When kids notice race, what’s a parent to do?

written by Anti-Racist Parent editor Tami Winfrey Harris

I know, that’s an odd headline to see around here. Most ARPers would agree that there is nothing wrong with “seeing color” contrary to the still-too-prevalent chorus of “I don’t see color” folks. I’ve said before, noticing race is not the problem in our society, the problem is the judgments and biases that occur when people encounter people of other races.

Still, many a parent’s approach to anti-racism involves encouraging children to ignore benign racial differences. “Shhhhhh…that lady over there is black, but let’s pretend we don’t notice.” This not-uncommon approach leaves children with the impression that there is something wrong with being a race other than white.

A recent post on MomLogic, “Mom, Why Is Her Face Brown?” has caused a bit of a stir among some in the anti-racist cyber community:

When my husband brought my two boys to visit me at work this week, my older boy shocked a room full of Moms when he asked me loud and clearly “Mommy, why is her face brown?” upon meeting one of my co-workers.

I was completely mortified. What was I doing wrong that he would he say something like that? Aren’t we all supposed to be colorblind and not notice the differences in people? Read more…

The post’s writer eventually asks her brown coworker to explain racial differences to the child. A move that caused some uproar in the comments on MomLogic and prompted Macon D at Stuff White People Do to remark that the post belonged in the Chronicles of White Oblivion.

Children are inscrutable little things. Who knows why they say some of the things they do. God help us if we are all judged as parents based on everything our kids say. But I think the child’s reaction to encountering someone with black skin possibly indicates immersion in a not very diverse world. (And I understand that I am making this judgment based on a very short post on a parenting blog.)

It is odd. Racial understanding and comfort are among the very few social issues that parents leave to chance, assuming that children will—despite living in a still racist world—pick up tolerance and racial sensitivity and understand white privilege by some sort of strange osmosis or magic. We don’t assume that children will automatically know not to take drugs or have unprotected sex or touch hot stoves. We are proactive about those parts of parenting. Racial understanding, too many of us, leave to…I’m not sure exactly…chance, I guess.

A parent who wants to raise a child that is comfortable within the rich diversity of our society, proactively discusses race in an age appropriate way. Anti-racist parenting also means exposing children to varying races and cultures through community activities, media (books, film, TV, etc.), food, friendships and other relationships. A child that is exposed to diverse cultures is less likely to respond to someone with a different color skin as if she were exotic game.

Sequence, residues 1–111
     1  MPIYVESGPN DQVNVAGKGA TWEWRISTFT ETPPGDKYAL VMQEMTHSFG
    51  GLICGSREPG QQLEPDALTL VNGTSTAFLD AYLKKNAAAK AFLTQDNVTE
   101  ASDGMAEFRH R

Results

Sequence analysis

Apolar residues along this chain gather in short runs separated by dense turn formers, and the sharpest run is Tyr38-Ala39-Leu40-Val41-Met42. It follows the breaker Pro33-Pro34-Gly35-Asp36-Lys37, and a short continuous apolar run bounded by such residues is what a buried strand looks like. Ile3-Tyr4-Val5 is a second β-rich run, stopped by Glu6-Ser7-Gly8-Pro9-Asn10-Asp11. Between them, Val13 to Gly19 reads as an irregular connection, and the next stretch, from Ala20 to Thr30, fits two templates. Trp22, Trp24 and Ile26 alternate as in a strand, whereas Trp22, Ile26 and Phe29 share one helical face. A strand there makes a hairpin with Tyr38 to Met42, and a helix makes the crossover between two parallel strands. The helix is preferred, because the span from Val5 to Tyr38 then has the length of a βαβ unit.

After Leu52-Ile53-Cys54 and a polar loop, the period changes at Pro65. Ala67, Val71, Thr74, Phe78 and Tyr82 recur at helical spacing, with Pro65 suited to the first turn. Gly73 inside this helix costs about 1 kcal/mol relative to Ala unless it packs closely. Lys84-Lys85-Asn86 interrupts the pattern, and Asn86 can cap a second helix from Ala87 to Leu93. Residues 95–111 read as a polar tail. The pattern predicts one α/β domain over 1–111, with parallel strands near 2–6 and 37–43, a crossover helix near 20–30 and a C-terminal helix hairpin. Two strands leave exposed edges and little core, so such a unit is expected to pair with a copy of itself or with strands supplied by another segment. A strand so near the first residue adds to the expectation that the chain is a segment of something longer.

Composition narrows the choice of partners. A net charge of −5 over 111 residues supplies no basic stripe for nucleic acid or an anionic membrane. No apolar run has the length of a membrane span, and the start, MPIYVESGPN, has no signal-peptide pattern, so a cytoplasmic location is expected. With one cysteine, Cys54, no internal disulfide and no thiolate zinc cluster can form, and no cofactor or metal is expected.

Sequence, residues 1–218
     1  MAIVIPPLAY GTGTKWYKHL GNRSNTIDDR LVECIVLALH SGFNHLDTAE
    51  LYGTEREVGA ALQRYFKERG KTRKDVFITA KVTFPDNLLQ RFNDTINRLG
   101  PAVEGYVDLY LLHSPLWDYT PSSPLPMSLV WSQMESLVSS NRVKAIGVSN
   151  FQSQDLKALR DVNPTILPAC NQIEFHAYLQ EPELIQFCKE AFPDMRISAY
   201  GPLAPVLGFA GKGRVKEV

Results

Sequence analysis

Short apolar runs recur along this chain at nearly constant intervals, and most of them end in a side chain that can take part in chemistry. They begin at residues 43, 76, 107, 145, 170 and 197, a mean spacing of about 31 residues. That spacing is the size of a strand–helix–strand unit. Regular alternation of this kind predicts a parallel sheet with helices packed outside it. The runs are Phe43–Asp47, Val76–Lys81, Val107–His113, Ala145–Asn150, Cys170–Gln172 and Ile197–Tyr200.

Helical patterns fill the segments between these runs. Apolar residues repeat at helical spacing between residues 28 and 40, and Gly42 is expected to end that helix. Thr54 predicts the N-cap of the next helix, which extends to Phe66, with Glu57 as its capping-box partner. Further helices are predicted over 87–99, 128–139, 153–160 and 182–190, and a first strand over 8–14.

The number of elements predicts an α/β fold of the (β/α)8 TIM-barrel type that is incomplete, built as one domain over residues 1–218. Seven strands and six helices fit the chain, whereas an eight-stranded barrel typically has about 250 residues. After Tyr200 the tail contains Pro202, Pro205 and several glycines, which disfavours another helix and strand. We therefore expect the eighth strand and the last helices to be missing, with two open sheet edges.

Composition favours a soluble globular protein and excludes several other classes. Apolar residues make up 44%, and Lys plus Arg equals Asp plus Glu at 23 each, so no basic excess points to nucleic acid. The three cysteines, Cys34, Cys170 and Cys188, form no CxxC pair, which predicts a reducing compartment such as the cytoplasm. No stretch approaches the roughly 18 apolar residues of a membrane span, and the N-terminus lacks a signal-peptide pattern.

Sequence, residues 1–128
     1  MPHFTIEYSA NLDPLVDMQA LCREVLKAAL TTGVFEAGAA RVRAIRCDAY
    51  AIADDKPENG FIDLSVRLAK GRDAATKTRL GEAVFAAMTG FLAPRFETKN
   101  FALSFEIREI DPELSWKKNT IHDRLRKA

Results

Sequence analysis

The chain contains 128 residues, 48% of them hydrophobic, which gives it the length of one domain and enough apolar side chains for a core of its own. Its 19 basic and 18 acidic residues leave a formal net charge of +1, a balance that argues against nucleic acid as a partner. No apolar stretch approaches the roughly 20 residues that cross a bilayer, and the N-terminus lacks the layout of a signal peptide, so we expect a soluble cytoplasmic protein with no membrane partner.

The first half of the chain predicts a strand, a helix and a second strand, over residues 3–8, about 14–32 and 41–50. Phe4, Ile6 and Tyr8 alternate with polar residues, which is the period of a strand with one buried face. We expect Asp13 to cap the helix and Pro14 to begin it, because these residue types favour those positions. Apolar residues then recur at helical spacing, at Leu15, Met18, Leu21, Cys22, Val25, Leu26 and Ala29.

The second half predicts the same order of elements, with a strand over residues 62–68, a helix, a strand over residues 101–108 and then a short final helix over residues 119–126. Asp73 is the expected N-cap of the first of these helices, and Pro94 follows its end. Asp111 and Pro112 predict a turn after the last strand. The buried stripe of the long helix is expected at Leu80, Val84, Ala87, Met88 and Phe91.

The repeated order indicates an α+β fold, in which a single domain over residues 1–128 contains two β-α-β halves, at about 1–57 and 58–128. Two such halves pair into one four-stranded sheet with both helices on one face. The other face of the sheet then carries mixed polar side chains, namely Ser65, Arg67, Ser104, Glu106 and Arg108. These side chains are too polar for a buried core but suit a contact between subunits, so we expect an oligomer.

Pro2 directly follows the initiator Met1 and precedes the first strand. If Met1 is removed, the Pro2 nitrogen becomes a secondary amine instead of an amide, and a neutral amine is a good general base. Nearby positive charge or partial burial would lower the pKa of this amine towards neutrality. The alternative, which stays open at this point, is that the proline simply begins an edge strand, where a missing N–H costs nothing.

I am also troubled by the OP’s decision to have her colleague field her child’s questions about race.

I asked my co-worker to field the question because I was interested in hearing how she’d like it answered.

This action makes it seem as if race is the bailiwick of people of color—that we must own discussions of racism and race bias, that these things are really our problems. It absolves whiteness of responsibility for correcting an oppression that it originated. Simply in terms of office relations, I think asking a coworker to field social questions for a child is presumptuous and unfair. “Can you explain to Billy why you’re black, please? Thanks!”

This is particularly unfair in an office setting where people of color so often have to bite their tongues when it comes to racial slights. The OP’s coworker may not have felt free to express her real thoughts on race or the situation at hand, especially depending on the power dynamic in the office. The OP made her child’s nurturing regarding race the burden of a person of color who was likely already shouldering her own burderns. It is a function of how far we go to avoid real discussion of race that this parent was hesitant to handle her child’s outburst on her own.

Look, as parents, we all do the best we can. Sometimes our best isn’t good enough. I’m not trying to pile on the MomLogic OP. She has taken a lot of heat already. But the fact remains that she posted an article to a parenting blog positioning this occurrence as a triumph, a learned lesson. Viewing the situation through an anti-racist parenting lens, I fear she missed the lesson of the moment entirely.

I asked ARP’s columnists to weigh in on this issue.

Renee says: